Fine movements of the hands and feet should be tested, as discussed earlier under the general motor exam. Rapid alternating movements, such as wiping one palm alternately with the palm and dorsum of the other hand, should be tested as well.
Perhaps the most popular test of coordination, however, is the finger–nose–finger test, in which the patient is asked to alternately touch their nose and the examiner's finger as quickly as possible (see Figure 3.4 in Neuroanatomy through Clinical Cases 3e). Ataxia is best revealed if the examiner's finger is held at the extreme of the patient's reach, and if the examiner's finger is occasionally moved suddenly to a different location. Test for overshoot by having the patient raise both arms suddenly from their lap to the level of your hand. In addition, you can apply pressure to the patient's outstretched arms and then suddenly release it. To test the accuracy of movements in a way that requires very little strength, you can draw a line on the crease of the patient's thumb and then ask the patient to touch the line repeatedly with the tip of their forefinger. This test can help distinguish between irregular, wavering movements caused by limb weakness and abnormal movements caused by ataxia.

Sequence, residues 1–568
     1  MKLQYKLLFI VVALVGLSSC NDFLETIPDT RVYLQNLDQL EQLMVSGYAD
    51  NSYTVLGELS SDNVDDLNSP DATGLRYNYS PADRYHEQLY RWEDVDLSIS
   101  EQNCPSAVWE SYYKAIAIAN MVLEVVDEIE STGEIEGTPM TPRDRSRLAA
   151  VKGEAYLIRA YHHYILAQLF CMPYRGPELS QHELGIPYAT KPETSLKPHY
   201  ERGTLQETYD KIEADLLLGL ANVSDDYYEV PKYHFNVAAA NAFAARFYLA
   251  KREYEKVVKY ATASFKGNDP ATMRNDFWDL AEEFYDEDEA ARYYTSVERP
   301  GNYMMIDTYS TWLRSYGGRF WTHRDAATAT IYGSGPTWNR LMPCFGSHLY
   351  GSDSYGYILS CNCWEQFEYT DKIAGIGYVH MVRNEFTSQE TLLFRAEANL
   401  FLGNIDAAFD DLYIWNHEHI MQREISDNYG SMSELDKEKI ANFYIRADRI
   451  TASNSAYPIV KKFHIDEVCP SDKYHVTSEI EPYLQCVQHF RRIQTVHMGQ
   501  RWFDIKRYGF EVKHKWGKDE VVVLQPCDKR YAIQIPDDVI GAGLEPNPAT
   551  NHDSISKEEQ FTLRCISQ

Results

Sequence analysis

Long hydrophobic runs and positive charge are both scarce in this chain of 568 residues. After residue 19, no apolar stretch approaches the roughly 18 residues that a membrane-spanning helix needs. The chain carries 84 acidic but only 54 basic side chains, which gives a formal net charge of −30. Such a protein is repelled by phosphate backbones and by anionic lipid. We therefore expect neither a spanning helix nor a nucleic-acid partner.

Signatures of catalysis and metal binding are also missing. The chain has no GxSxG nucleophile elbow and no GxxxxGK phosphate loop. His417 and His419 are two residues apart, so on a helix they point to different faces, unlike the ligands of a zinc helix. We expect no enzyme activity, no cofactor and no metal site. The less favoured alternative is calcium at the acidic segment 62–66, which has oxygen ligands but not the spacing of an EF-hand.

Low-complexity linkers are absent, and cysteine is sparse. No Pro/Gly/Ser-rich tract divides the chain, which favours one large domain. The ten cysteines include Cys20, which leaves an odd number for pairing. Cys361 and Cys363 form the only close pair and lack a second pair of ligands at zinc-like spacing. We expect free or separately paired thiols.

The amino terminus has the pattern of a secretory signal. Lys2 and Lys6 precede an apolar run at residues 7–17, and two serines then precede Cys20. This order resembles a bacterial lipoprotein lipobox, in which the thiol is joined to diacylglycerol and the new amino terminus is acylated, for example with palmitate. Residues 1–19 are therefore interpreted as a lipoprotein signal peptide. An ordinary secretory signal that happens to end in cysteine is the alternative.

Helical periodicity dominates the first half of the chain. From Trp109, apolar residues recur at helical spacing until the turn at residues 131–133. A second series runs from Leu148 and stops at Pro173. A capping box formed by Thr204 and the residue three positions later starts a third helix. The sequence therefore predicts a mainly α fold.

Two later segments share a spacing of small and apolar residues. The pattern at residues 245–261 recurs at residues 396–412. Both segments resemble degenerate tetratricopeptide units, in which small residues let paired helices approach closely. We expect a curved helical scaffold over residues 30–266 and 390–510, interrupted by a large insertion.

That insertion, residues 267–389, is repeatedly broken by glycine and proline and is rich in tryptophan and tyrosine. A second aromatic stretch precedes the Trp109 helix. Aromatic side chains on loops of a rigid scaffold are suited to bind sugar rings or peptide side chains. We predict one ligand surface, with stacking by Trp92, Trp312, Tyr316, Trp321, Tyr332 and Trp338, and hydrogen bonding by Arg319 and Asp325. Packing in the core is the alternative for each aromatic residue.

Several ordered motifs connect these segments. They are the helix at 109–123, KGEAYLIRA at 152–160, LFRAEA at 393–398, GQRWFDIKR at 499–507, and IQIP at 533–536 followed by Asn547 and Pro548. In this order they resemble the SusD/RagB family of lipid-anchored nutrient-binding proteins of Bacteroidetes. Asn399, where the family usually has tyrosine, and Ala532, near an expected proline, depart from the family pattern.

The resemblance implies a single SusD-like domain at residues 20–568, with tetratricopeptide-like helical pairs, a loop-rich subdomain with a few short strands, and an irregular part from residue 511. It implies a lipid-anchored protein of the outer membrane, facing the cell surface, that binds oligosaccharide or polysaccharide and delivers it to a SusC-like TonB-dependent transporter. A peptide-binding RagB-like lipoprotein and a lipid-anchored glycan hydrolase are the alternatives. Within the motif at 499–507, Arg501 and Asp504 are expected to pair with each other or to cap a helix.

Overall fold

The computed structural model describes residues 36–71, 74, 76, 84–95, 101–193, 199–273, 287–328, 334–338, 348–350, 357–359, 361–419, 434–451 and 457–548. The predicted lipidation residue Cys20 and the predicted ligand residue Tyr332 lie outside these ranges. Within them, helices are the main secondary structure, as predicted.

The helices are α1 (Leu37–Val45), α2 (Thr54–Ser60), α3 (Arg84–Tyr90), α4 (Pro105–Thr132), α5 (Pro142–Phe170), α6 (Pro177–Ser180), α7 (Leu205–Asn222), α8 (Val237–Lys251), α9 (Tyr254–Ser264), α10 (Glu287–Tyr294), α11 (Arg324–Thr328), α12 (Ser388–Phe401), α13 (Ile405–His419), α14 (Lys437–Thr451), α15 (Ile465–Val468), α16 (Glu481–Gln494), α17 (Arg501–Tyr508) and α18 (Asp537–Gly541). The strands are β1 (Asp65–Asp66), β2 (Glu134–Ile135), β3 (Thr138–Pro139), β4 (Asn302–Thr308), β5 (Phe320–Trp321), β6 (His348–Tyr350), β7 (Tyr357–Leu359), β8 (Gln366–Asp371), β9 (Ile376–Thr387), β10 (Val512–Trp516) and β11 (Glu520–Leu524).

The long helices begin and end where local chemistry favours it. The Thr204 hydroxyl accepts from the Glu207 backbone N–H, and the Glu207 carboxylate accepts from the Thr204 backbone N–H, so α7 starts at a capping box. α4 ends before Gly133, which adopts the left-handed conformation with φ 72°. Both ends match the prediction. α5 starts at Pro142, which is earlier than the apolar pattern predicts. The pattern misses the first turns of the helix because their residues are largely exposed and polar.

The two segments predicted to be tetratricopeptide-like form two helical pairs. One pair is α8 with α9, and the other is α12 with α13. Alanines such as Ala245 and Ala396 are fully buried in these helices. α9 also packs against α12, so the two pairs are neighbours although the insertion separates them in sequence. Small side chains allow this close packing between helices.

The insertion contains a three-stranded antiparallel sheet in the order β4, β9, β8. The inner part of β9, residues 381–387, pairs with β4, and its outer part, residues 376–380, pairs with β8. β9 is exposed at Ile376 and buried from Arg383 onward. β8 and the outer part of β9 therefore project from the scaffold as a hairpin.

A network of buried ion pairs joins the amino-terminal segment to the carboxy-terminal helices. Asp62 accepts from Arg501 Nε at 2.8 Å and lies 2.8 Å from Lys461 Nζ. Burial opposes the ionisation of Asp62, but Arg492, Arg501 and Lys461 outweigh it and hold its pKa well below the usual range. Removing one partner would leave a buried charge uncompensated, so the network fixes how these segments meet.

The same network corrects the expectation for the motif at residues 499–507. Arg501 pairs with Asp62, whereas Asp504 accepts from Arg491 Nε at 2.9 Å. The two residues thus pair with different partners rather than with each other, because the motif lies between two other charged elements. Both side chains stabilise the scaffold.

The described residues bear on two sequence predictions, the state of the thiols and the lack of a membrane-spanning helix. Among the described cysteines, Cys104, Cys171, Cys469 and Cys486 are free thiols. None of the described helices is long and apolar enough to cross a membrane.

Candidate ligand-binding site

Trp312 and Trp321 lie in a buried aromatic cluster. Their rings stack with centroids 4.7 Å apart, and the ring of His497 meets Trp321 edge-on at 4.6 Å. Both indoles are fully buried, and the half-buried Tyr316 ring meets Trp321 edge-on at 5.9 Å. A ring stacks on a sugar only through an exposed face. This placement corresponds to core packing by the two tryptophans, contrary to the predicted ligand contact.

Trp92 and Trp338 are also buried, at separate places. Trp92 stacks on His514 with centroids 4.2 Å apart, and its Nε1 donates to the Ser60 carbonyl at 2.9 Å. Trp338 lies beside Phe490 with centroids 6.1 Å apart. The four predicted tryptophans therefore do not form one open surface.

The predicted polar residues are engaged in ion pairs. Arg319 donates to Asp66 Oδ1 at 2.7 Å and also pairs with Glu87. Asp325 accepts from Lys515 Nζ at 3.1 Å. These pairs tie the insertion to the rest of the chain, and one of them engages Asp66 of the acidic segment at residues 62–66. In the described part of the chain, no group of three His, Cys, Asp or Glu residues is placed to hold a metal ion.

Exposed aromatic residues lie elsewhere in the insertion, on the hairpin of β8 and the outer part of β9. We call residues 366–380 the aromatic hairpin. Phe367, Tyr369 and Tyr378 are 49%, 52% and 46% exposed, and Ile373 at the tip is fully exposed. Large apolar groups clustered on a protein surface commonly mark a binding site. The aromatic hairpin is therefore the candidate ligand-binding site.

Similar tests can be done with the legs. In the heel–shin test the patient is asked to touch the heel of one foot to the opposite knee and then to drag their heel in a straight line all the way down the front of their shin and back up again. In order to eliminate the effect of gravity in moving the heel down the shin, this test should always be done in the supine position. Testing for ataxia is discussed further in KCC 15.2 in Neuroanatomy through Clinical Cases 3e.Go to Video 62 Go to Video 63 Go to Video 64 Go to Video 65 Go to Video 66 Go to Video 67
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